Gus cooked some red crabs for lunch – a sort of boiled dinner with bay leaves & spices, celery, linguica, and Italian sausage. He served them up with dishes of melted butter. Delicious!
The people on this trip are really nice and work well as a team. Everyone helps haul in the cod end of the net & cheerfully shares the catch.
Late this afternoon we were shocked by the news of an attempted assassination of President Reagan. How strange to have been so unconcerned about news from home, except for the continual thought of family goings on, and suddenly be confronted by such terrible news. We listened to reports all through dinner – detailed presentations by Georgetown U. doctors describing the wounds and operating procedures.
We were busy towing during the past two days completing 15 trawls. Only two of them just skimmed the bottom & caught little. During these we were apparently caught in a surface current & towed too fast over the bottom, thus the net didn’t ever settle.
Today we had a bit of excitement. A Carl Wirsen/Holger Jannasch tripod was scheduled to trip at 0800 hrs and come up from Deep Ocean Station (DOS) II. Hovey set up a little contest for spotting it & a pool of guesses as to the time it would appear. At 0910 hrs I spotted it and won the prize. My cabin-mate, Sally, won the pool, ~$20. We picked up the tripod, but, as it was coming aboard, it hit the rail, and all but two cores were lost. Richard and I managed to cap the two that remained. Poor Hov had tried to fend off, but didn’t get much help from the two guys who had been instructed to hook on to the legs with long rods at the same time. Apparently they didn’t realize what might happen & how to prevent it. Next, Capt. Palmieri sighted a sperm whale spouting near the starboard quarter. Three of us went up on the bow to see it & got a fairly close view. Mike observed that the whale was wounded. We could see large patches of white skinless areas on its back, but no blood. It spouted frequently at ~20 second intervals and remained at the surface approximately 10 minutes. I made some notes on its position and behavior for Ollie Brazier.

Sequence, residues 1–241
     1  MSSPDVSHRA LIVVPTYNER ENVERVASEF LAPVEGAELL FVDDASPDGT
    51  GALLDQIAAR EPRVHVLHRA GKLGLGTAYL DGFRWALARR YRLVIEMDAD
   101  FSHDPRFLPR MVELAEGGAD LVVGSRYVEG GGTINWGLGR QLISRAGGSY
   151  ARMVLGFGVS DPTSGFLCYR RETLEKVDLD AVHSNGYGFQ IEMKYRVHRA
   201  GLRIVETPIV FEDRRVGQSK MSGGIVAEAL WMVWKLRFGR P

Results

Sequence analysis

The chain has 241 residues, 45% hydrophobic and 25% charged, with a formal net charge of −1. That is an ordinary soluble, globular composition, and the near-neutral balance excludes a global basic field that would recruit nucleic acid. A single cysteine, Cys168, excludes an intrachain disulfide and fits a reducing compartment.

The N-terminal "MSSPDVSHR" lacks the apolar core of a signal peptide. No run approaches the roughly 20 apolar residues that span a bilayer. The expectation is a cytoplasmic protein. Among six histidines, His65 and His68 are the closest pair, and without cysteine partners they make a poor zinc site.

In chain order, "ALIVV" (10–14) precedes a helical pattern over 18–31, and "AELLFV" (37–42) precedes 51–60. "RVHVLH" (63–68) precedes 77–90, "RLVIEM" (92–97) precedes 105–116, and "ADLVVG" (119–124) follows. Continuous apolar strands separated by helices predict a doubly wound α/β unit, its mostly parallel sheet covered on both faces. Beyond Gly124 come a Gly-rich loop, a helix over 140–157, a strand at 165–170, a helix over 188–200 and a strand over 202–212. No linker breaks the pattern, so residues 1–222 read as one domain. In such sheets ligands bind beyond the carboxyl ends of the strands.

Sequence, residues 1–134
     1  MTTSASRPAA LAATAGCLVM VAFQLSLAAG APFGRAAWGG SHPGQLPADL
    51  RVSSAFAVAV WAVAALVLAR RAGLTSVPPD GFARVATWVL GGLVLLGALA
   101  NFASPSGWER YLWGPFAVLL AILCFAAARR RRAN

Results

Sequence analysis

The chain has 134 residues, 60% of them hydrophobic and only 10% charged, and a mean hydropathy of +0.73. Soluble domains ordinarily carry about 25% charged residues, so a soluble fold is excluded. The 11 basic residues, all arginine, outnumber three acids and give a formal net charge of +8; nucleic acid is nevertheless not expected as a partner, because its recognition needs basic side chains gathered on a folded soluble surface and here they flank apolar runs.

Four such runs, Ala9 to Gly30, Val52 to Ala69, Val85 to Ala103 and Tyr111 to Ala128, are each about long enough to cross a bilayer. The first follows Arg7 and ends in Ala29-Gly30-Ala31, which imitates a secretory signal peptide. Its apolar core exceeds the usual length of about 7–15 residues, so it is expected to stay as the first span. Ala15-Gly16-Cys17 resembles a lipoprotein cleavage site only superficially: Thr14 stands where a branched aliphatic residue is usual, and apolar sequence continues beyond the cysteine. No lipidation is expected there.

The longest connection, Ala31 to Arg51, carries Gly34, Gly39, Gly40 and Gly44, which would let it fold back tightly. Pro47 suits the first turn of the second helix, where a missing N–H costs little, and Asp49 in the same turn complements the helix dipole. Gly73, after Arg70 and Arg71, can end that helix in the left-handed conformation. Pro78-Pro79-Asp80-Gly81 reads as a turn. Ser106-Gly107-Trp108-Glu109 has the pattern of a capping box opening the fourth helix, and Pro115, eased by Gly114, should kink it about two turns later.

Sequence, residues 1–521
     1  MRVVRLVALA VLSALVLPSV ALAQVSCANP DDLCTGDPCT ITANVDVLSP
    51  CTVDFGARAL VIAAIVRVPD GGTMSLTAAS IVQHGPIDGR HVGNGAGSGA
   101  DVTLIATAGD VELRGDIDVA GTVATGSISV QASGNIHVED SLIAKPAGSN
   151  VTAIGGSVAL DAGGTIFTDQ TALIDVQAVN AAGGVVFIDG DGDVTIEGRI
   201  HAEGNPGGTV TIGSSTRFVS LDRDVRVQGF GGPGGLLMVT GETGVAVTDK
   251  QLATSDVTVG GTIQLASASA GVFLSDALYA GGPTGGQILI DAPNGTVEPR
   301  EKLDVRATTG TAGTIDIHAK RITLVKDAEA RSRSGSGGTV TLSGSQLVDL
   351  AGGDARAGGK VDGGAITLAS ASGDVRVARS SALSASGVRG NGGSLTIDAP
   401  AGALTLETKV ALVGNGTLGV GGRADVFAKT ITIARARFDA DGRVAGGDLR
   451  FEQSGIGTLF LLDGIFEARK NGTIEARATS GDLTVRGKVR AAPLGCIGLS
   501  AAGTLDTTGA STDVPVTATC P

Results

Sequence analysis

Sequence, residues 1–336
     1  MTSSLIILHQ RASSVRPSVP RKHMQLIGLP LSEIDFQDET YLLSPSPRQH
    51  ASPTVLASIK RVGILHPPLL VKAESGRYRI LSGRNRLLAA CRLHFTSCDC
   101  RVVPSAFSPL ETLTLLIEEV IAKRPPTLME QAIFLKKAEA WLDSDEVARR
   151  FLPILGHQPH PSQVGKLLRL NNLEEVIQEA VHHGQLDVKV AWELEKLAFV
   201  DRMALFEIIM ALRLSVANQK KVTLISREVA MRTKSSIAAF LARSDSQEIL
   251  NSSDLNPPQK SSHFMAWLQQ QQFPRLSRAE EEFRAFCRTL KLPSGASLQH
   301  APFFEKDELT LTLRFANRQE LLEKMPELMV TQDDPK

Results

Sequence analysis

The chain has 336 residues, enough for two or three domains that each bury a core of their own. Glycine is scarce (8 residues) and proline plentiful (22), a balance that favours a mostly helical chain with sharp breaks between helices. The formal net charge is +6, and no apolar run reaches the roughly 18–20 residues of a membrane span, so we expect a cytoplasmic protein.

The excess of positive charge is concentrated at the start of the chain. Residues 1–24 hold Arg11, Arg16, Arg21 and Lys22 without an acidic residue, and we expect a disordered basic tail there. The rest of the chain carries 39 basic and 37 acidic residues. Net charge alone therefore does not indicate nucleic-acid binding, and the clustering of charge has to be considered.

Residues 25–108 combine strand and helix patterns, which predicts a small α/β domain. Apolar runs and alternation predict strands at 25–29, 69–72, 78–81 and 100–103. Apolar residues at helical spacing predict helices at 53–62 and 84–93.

Gene Copeland is making a final plankton tow, & then we’re heading for home!
I’ve been doing some reading; in fact everyone has given the ship a library-like atmosphere. Whenever the trawl isn’t being set, retrieved, or examined, most everyone is reading. The weather hasn’t been particularly warm or calm, the three movies on board were awful, so there’s little else to do. Anyway, I’ve read a novel by Henry Beetle Hough, The New England Story, written in 1950 about a writer trying to find out about the life of a particular whaling captain from “Dinton Port”, which must have been his name for a town on the Vineyard. Now I’m part way through the second book of the Sagas of Horatio Hornblower. Today as we were searching for the tripod, I was daydreaming about life as a sailor in the old days – how hard it was, how self-disciplined one had to be in order to survive. I was searching carefully having thought about our position relative to the tripod & what the captain would choose as our best possibility for seeing it. I chose to look to windward from the starboard wing of the bridge & like to think that it wasn’t just luck that I saw it first.
It’s beginning to rain as I sit here on the 01 deck, so I think I’ll go below and do some more reading.